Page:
12 ways to make traveling this summer less bad

JThe airline’s on-time arrival rate hasn’t been this bad since 2014. Because airports are chaotic, you can choose to drive, but gas prices have skyrocketed. Additionally, hotel prices have hit all-time highs, even as many properties have cut services like daily housekeeping.

Despite all of these disincentives, travel can be non-negotiable. You might have five weddings to attend this year. Then there’s the off-site work to finally meet the colleagues you’ve never met in person. And now that your youngest children are eligible for the vaccine, you owe them that (expensive) Disney trip they’ve been craving.

Ah, suddenly the wanderlust you felt while imagining your dream “revenge trip” in 2020 has been zapped, replaced by anxiety and lots of unwanted spending.

But it doesn’t have to be that way. Combine solid planning with a healthy mindset, and you could avoid common travel problems. Who knows? This summer vacation could turn out to be the best trip ever.

1. Recognize that your trip won’t be perfect

Start your journey with realistic expectations. Delays are almost inevitable and things can be more expensive than expected. If you go there knowing the caveats, you’ve already prepared yourself better to avoid disappointment.

With that, focus on those next tactics that you can control.

2. Book flights with less risk of delays

As if traveling wasn’t stressful enough right now, there’s no guarantee your flight won’t be delayed, as even a private jet could still be subject to air traffic or weather delays. But some booking strategies can at least increase the chances of arriving on time:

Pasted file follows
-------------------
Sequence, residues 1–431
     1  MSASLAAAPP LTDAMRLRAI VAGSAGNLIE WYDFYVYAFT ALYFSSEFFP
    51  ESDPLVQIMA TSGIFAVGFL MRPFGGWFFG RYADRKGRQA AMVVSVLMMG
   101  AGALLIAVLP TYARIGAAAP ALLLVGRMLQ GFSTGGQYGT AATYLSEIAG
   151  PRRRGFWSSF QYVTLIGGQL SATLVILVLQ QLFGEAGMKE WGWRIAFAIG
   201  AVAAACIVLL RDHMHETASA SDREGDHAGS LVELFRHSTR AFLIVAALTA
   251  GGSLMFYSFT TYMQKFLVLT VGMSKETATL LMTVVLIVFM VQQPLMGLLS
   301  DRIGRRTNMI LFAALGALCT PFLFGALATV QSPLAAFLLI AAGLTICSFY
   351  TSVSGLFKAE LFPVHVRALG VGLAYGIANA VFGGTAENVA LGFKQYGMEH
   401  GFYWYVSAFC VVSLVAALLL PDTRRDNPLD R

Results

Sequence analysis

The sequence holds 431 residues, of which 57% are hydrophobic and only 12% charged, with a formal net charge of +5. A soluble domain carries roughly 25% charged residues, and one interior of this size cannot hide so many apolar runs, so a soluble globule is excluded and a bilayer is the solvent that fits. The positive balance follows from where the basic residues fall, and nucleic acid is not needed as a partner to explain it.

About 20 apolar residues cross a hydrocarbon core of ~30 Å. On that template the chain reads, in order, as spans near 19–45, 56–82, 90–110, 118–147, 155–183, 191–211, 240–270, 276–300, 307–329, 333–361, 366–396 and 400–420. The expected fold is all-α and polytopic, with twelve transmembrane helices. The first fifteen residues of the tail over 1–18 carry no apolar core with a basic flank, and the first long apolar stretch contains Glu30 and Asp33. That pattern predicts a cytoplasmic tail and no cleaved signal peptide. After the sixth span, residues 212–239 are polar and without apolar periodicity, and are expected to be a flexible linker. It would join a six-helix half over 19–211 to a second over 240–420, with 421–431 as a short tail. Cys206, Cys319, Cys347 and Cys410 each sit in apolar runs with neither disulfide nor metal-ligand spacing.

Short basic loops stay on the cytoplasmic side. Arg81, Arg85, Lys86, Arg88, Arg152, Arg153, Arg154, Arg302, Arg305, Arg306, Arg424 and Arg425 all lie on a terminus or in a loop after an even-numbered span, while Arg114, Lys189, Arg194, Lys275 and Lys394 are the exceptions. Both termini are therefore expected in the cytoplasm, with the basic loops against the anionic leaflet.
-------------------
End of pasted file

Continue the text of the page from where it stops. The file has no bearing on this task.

• Fly earlier in the day before an earlier flight delays your plans.
  • Avoid layovers if your budget and itinerary allow.
  • Book with airlines with a strong track record of on-time arrivals (Delta Air Lines, Hawaiian Airlines, American Airlines, and United Airlines rank highest, according to data from the U.S. Bureau of Transportation Statistics).

3. Apply for TSA PreCheck

One of the easiest airport lines to avoid: the traditional security line. With TSA PreCheck membership, you can access dedicated, often shorter lines that get you through faster. Plus, you won’t need to take off your shoes or laptops.

Applying for membership takes time, and possibly money too. But it’s probably better to set aside time to apply now than to cut into your precious vacation time by standing in a boring security line. The application fee is $85, but many travel credit card benefits include TSA PreCheck reimbursement.

4. Not Checking Baggage

Another line to skip? Checking the bags. While you can sometimes skip this line by holding elite airline status, the easiest way to skip it and avoid unnecessary travel hurdles is to not check baggage, period.

There are many other reasons to travel light. There’s no risk of lost checked baggage if you’re traveling with carry-on baggage only, and you won’t have to stand at the baggage carousel at the other end of your flight. And if you have to change flights at the last minute, you won’t be held back because your belongings are stuck on another plane.

5. Pack a “delayed emergency” kit

While it’s essential to travel light, make room for some essentials to account for one of the most common travel issues: delays or other unavoidable travel issues. Items to include:

  • Squeezable snacks, like nuts, jerkies, and protein bars: “Hungry” trips can make a bad trip worse. Plus, you’ll skip the long queues at airport cafes.
  • Portable chargers: If flights are delayed and the airport doesn’t have power outlets, you’ll stay plugged in.
  • Copies of your passport, proof of COVID-19 vaccine and other important documents: You may not necessarily need physical copies, but digital copies don’t take up space and can be useful.
  • Entertainment: Bring a book or laptop to keep you entertained if you’re late.

6. Treat yourself to lounge access

Speaking of what to do during a delay, the airport lounge could be your oasis. Airport lounges, which are usually accessible through programs like Priority Pass (membership is sometimes included with some credit cards), can sometimes make a delay not just tolerable, but actually enjoyable.